COMMONWEALTH v. Derek LATNEY.
The defendant was convicted of breaking and entering in the daytime with the intent to commit a felony, G.L. c. 266, § 18, and larceny in a building, G.L. c. 266, § 20. On appeal, he alleges that the Commonwealth's evidence was legally insufficient to submit to the jury. We affirm.
We briefly recite the pertinent facts in the light most favorable to the Commonwealth. See Commonwealth v. Hilton, 398 Mass. 63, 64-65, 494 N.E.2d 1347 (1986). On the morning of June 23, 1994, police officers arrested the defendant approximately two hundred yards from a house located at 17 Green Street in Springfield. At the time of his arrest (which is unchallenged on appeal), the defendant was pushing a lawnmower on top of which was resting a plastic bag containing twenty-one unopened cans of Falstaff beer. The officers testified that the beer was cold. During a postarrest inventory search, a number of pieces of women's jewelry were found in the defendant's pockets.
One of the officers transported the defendant to the station house, subsequently returned to 17 Green Street, and met with Thomas Dufault and the other officer. Dufault explained that the house, which was his childhood home, had belonged to his mother, who had recently died, and that he was caring for it. Dufault stated that he had visited the house two days before and had locked and secured all of the doors when he left.
Upon inspection of the house, the officers noted that several of the doors had been forced open. In addition, Dufault testified that there were dirt and grass tracks on the floor consistent with someone pushing the lawnmower from its usual resting place in the rear hallway out the front door. The officers also observed that the refrigerator in the house was running and that the refrigerator door was ajar.
Dufault told police that the beer found in the defendant's possession was identical to the Falstaff beer that had been stored in his mother's refrigerator. He also identified the jewelry as his grandmother's, which had been kept in an upstairs bedroom, and the lawnmower as the one his mother left in the rear hallway. As far as Dufault could tell, nothing else had been taken.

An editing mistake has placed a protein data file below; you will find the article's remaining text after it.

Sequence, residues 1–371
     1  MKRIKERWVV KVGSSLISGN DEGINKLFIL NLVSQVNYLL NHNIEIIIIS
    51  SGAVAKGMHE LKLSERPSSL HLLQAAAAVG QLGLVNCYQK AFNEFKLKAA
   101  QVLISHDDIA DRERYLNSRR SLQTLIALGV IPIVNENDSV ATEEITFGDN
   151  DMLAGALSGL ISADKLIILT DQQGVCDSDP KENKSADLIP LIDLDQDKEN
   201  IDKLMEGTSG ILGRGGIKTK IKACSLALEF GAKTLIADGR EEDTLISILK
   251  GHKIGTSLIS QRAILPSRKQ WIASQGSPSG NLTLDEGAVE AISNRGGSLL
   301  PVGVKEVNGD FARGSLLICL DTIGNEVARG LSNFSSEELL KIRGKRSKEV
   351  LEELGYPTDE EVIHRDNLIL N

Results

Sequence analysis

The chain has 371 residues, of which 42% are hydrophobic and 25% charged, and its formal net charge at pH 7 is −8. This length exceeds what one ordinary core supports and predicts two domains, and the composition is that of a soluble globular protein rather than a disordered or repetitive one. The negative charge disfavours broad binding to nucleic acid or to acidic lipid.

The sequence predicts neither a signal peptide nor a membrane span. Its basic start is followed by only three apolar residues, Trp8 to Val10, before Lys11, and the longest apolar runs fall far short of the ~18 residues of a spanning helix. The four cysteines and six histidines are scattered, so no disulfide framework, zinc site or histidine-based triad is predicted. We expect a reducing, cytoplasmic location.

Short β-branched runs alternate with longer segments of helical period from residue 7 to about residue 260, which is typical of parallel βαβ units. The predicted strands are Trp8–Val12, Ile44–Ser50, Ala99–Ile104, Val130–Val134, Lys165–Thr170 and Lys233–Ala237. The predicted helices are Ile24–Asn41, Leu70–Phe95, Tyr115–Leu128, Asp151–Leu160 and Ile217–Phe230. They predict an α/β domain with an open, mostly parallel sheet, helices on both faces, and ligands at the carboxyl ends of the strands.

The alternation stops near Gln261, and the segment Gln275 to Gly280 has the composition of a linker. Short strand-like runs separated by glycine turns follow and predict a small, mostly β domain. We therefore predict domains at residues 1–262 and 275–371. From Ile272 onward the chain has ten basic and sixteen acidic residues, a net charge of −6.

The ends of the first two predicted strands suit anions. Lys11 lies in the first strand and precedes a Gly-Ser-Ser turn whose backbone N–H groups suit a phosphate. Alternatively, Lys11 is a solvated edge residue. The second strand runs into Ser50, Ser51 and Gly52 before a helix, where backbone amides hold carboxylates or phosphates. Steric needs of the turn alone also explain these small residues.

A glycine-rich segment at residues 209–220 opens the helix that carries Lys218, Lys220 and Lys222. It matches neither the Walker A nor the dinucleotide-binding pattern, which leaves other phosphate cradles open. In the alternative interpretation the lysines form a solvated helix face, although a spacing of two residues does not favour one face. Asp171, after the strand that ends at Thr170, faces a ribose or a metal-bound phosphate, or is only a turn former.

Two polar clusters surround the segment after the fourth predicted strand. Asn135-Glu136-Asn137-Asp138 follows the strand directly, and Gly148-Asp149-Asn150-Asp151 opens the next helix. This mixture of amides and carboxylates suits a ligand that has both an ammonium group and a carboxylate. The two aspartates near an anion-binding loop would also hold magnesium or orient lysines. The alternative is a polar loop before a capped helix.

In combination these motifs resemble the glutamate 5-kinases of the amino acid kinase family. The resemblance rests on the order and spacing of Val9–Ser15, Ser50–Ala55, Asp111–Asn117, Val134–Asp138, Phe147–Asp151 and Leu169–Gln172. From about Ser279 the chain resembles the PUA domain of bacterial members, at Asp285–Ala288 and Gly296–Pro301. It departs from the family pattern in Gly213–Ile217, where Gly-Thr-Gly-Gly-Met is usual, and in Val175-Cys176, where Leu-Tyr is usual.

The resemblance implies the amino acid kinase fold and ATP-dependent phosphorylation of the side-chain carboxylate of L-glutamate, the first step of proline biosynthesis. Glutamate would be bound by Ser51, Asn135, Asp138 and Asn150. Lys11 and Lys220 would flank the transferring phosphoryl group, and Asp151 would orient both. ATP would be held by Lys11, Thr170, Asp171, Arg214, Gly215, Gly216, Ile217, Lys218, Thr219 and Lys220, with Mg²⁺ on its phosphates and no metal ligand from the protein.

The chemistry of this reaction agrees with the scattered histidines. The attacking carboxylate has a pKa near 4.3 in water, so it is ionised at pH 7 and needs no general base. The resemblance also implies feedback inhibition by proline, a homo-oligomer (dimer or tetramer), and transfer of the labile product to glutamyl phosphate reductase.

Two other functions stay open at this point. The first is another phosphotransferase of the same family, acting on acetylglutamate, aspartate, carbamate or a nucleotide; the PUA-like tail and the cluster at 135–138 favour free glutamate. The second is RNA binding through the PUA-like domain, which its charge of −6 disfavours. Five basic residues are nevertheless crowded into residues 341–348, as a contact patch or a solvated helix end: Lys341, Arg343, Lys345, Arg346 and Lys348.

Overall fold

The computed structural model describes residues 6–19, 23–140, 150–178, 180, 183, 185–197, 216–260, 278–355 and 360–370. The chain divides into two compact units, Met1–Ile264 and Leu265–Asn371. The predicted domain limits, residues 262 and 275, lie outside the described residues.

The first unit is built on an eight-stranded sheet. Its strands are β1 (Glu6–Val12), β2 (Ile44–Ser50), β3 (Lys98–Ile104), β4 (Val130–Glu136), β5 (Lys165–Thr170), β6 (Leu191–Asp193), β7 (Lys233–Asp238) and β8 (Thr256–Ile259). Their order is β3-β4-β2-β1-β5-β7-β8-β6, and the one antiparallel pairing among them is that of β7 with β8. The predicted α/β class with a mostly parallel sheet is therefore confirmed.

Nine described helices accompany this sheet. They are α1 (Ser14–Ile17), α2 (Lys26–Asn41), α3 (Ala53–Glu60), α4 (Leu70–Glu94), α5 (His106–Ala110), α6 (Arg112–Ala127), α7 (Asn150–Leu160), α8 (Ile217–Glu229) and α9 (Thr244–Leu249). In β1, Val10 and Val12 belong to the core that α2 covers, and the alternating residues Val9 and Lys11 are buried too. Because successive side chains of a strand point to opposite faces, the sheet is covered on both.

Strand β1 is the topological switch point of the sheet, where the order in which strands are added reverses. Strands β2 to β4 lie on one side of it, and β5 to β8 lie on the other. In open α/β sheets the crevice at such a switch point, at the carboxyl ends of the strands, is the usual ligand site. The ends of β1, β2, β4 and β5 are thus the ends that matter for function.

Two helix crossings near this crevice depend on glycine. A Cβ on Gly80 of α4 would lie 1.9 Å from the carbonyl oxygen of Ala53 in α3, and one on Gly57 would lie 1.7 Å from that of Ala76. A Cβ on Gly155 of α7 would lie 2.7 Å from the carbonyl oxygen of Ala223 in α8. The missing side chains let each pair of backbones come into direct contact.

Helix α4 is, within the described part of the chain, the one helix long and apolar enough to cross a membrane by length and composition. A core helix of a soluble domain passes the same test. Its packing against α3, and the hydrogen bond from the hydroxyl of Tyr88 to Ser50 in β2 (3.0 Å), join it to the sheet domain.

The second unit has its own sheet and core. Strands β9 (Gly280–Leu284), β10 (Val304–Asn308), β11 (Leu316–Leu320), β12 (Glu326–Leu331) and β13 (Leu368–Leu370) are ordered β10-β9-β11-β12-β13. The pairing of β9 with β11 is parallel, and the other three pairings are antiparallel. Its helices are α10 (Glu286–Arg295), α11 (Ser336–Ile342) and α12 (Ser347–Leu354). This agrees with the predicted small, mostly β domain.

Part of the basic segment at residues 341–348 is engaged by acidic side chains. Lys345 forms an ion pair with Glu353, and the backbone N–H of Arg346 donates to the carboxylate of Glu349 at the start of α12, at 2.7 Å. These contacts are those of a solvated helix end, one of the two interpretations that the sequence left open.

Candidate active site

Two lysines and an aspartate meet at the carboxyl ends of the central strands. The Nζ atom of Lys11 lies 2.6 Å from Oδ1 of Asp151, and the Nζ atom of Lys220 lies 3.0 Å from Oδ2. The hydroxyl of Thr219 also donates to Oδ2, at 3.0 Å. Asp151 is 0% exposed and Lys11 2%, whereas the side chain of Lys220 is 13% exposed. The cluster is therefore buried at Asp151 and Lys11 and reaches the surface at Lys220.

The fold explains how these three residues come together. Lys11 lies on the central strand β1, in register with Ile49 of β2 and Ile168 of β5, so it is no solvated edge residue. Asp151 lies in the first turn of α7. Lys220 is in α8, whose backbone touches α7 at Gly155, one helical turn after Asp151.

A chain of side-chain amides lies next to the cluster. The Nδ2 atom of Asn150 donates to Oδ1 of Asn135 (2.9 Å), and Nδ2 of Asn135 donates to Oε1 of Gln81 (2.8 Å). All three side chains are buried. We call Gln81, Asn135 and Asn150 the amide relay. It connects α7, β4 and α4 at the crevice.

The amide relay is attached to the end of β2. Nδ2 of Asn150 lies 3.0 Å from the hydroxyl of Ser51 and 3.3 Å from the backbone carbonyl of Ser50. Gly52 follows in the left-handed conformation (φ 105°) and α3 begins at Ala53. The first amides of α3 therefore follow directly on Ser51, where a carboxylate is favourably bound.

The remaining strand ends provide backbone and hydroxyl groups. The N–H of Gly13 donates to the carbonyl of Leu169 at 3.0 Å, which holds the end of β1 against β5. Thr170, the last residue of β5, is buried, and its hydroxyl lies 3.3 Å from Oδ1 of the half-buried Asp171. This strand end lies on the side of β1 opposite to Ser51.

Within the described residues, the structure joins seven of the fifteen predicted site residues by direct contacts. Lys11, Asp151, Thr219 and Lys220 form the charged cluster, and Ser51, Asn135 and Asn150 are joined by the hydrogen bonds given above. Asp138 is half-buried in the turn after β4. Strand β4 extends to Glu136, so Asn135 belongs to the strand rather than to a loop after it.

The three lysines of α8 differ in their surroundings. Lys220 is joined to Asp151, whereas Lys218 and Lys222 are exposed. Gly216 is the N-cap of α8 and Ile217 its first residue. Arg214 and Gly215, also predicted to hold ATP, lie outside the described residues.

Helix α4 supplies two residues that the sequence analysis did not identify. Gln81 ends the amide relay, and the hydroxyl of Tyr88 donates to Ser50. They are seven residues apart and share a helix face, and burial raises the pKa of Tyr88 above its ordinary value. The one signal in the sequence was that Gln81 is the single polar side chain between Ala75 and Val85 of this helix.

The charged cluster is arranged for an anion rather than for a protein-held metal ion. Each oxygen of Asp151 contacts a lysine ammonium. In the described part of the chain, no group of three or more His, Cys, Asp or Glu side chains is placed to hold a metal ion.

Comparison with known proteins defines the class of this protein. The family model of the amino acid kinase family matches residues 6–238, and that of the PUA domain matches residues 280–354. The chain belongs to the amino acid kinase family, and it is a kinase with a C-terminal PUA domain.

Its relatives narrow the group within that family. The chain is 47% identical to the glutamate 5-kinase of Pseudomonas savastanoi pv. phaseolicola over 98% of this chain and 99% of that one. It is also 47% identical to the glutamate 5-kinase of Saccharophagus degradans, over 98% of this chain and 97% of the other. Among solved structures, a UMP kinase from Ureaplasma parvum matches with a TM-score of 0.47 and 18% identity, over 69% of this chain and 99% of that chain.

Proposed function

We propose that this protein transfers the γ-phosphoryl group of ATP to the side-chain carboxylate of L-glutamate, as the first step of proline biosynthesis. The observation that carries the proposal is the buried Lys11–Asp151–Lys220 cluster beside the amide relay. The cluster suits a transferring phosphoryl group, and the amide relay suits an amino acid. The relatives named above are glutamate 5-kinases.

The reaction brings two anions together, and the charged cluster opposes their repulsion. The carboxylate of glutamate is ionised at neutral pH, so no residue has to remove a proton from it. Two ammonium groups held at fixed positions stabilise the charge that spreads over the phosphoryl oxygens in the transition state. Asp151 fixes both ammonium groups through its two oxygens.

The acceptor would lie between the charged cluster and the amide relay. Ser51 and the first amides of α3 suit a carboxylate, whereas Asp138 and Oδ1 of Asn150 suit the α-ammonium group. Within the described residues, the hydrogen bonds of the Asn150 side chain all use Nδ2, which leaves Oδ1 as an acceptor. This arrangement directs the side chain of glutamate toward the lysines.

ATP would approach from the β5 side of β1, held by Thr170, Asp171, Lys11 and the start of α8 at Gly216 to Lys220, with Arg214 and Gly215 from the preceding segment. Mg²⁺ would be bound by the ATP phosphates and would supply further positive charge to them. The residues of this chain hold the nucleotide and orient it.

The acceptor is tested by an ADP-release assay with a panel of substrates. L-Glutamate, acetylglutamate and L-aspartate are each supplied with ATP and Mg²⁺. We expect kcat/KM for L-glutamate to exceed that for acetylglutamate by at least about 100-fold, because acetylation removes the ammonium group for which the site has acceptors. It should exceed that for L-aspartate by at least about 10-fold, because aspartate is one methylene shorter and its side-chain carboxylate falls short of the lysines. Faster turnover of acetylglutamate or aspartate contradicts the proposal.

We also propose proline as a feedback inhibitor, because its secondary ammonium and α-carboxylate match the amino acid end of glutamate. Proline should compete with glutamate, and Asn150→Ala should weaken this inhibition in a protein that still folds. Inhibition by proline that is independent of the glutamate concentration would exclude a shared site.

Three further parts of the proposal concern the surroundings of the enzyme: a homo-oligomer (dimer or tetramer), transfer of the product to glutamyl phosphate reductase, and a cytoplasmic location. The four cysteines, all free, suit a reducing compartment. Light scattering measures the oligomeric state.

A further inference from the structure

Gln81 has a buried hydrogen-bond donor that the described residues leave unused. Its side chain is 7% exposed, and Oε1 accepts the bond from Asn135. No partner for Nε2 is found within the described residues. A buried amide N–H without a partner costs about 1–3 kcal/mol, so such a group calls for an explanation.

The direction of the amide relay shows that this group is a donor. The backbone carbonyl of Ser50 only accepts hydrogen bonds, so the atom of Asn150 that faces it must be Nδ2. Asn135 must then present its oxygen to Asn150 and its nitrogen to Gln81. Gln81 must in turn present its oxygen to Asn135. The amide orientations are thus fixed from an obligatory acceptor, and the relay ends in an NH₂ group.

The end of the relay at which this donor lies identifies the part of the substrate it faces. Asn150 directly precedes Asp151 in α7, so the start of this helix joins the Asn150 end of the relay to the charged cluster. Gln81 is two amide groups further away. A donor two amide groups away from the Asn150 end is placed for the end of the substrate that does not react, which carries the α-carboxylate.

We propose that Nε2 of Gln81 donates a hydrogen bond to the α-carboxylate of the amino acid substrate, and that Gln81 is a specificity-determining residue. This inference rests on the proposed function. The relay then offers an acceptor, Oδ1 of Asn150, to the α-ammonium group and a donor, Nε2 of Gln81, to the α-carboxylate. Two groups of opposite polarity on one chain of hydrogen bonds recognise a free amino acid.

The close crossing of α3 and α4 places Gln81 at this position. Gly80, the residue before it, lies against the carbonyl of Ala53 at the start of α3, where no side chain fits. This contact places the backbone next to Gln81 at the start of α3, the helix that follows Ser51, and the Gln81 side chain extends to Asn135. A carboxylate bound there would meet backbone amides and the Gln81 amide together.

The test for deciding whether a motion for a required finding was properly denied is “whether, after viewing the evidence [and the fair inferences therefrom] in the light most favorable to the prosecution, any rational trier of fact could have found the essential elements of the crime beyond a reasonable doubt.” Commonwealth v. Latimore, 378 Mass. 671, 677, 393 N.E.2d 370 (1979), quoting from Jackson v. Virginia, 443 U.S. 307, 318-319, 99 S.Ct. 2781, 2788-2789, 61 L.Ed.2d 560 (1979) (emphasis in original). See Commonwealth v. Hilton, supra at 64-65, 494 N.E.2d 1347, quoting from Curley v. United States, 160 F.2d 229, 232-233 (D.C.Cir.), cert. denied, 331 U.S. 837, 67 S.Ct. 1511, 1512, 91 L.Ed. 1850 (1947). Here, the Commonwealth comfortably satisfied its burden, presenting sufficient evidence-which did not deteriorate during the presentation of the defendant's case-in-chief,1 Commonwealth v. Doucette, 408 Mass. 454, 462, 559 N.E.2d 1225 (1990)-to convict the defendant of the crimes charged.
The gist of the defendant's argument is that the Commonwealth failed to introduce sufficient evidence linking him to the break-in. While the defendant indisputably was in possession of property taken from the house at the time of his arrest, he asserts that, based on the Commonwealth's case-in-chief, the jury would have had to engage in impermissible conjecture in order to conclude that the defendant himself had taken it. See Berry v. Commonwealth, 393 Mass. 793, 795-796, 473 N.E.2d 1115 (1985); Commonwealth v. Merola, 405 Mass. 529, 533, 542 N.E.2d 249 (1989).
Yet the defendant's mere possession of recently stolen property may be relied upon by the jury as evidence that he had stolen it. See Commonwealth v. Grace, 265 Mass. 119, 124, 163 N.E. 855 (1928); Commonwealth v. Subilosky, 352 Mass. 153, 166, 224 N.E.2d 197 (1967). See also Commonwealth v. Kirkpatrick, 26 Mass.App.Ct. 595, 599, 530 N.E.2d 362 (1988). Further, the police testimony that the beer, when recovered, was still cold, coupled with the fact that the identical type of beer had been taken from a functioning refrigerator, provided a solid basis for inferring that the defendant had stolen the beer, rather than merely finding it on the street (where, presumably, it would have had a chance to reach the ambient temperature on the summer day on which the defendant was arrested). Similarly, the defendant's capture proximate to the burgled house also pointed to his direct involvement in the theft. Finally, the fact that every one of the very items removed from the house was found in the defendant's possession militated against the inference that the defendant had merely stumbled upon the jetsam of some other, hypothetical burglar.